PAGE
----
Forget the neckties and wristwatches, and get the Dad in your life the tech he really wants.
It was another terrible, horrible, no good, very bad week for Sony, and we learned even more as reporters sifted through a trove of stolen documents from the Hollywood studio.
After President Obama called him "James Flacco," the actor takes to Instagram to cheer the intended screening of his movie.
Call it a Christmas miracle for the First Amendment, or perhaps Sony again bowing to pressure, this time from Washington instead of terrorists. Either way, the movie will be released to some theaters.
Two days after saying it wouldn't release the controversial film, the movie maker now says it wants to offer customers a way to see it "on a different platform."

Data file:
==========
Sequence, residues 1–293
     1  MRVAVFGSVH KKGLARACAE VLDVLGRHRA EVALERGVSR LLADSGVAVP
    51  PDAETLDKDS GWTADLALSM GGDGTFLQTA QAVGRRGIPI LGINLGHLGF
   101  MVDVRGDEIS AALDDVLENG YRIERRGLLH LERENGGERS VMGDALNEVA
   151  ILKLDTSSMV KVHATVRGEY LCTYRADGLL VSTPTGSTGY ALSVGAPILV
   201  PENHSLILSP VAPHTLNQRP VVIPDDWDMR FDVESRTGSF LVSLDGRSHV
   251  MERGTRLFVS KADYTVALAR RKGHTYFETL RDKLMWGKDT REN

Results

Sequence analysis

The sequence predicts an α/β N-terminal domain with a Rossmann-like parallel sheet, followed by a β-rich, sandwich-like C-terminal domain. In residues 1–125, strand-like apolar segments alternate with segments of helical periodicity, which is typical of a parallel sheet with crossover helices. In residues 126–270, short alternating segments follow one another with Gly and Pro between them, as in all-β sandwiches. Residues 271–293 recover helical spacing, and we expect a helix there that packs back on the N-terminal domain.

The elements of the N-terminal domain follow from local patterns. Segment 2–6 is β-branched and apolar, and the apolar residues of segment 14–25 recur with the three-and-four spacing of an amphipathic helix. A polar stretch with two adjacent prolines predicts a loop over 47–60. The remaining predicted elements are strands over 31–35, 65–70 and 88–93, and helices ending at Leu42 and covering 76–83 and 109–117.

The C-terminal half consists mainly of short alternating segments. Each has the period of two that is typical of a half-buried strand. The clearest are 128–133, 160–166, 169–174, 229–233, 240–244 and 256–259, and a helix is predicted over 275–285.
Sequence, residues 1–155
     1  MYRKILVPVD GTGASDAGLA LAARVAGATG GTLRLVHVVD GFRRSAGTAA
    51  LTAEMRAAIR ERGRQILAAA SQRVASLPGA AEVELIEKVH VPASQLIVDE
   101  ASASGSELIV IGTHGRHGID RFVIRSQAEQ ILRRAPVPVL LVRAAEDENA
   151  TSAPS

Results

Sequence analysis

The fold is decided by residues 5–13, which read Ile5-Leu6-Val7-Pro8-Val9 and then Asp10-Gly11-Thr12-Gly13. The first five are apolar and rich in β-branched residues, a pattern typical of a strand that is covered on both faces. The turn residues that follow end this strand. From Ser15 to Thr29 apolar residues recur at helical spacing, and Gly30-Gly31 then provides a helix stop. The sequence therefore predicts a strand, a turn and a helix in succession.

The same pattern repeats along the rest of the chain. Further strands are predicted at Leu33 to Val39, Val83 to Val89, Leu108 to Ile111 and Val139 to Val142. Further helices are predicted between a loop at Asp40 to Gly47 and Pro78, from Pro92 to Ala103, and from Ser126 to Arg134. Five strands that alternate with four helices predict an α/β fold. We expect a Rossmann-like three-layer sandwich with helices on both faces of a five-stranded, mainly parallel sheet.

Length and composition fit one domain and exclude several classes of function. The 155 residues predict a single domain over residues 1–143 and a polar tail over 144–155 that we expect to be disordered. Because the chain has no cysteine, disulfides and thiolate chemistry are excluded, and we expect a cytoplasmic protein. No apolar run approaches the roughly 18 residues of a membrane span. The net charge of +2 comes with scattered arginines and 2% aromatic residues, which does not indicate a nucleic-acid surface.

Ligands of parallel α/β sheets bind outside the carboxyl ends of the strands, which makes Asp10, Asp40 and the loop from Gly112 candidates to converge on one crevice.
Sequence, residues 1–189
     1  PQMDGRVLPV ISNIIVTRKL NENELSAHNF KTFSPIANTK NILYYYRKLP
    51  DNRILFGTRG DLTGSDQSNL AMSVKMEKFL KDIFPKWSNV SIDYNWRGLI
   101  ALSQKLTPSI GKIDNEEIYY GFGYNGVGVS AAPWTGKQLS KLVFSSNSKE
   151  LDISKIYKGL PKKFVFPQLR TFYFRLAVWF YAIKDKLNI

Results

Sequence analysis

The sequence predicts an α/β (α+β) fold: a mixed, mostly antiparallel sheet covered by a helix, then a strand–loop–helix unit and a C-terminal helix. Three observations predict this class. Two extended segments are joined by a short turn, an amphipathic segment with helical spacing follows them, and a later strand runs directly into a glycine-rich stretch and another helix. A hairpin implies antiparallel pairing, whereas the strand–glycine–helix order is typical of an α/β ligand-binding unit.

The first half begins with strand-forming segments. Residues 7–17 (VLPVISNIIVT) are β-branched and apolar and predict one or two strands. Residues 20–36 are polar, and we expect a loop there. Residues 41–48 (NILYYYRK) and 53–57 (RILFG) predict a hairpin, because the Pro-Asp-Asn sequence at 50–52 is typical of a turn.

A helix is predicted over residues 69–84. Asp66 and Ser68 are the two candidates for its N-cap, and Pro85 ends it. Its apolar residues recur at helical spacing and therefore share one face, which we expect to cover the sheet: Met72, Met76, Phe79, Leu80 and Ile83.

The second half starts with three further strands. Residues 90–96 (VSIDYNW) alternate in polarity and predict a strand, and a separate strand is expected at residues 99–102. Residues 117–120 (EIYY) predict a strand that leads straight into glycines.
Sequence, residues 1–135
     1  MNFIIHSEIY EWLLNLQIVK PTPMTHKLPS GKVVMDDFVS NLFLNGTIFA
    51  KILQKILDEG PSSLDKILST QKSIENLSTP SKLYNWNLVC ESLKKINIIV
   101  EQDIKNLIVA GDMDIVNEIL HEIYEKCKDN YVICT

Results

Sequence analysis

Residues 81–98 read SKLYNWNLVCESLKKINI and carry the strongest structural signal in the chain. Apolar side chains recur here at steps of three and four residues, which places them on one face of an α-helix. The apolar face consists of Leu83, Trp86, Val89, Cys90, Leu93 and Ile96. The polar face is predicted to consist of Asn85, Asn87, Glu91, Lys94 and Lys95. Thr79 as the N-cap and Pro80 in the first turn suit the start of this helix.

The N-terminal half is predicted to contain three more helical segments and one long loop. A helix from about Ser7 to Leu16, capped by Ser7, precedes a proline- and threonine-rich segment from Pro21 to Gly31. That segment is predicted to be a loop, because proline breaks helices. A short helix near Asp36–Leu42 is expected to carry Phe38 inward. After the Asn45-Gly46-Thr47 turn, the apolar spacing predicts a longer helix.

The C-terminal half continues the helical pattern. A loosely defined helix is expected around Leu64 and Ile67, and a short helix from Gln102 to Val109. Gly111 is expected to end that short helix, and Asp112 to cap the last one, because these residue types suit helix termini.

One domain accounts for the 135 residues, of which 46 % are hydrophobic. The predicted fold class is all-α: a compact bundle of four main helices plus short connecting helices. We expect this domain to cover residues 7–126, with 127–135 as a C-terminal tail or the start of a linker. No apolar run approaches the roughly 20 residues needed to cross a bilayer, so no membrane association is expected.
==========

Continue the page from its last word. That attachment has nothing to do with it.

CNET member Nate650 shares with us his thoughts on why BlackBerry is well-positioned to rebound.
The dictatorship experiences an unusual Internet shutdown after President Obama vows to take action for the Sony Pictures hack.
Carnegie Mellon University showed off their newest creation this week: a robot with six incredibly articulate and stable legs. Even a hard shove by a human leg can't stop this thing, but we'll tell you why this kind of robot could be great for search and rescue.
Even though Sony Pictures canceled the theatrical release of the film, it earns nearly perfect ratings from users on IMDb and Rotten Tomatoes.
In its quest to get "The Interview" on Apple's iTunes, Sony even sought help from the White House, according to the New York Times.
The totalitarian regime may have been hit by a cyberattack in the midst of a war of words with the US over the Sony hack and Hollywood film "The Interview".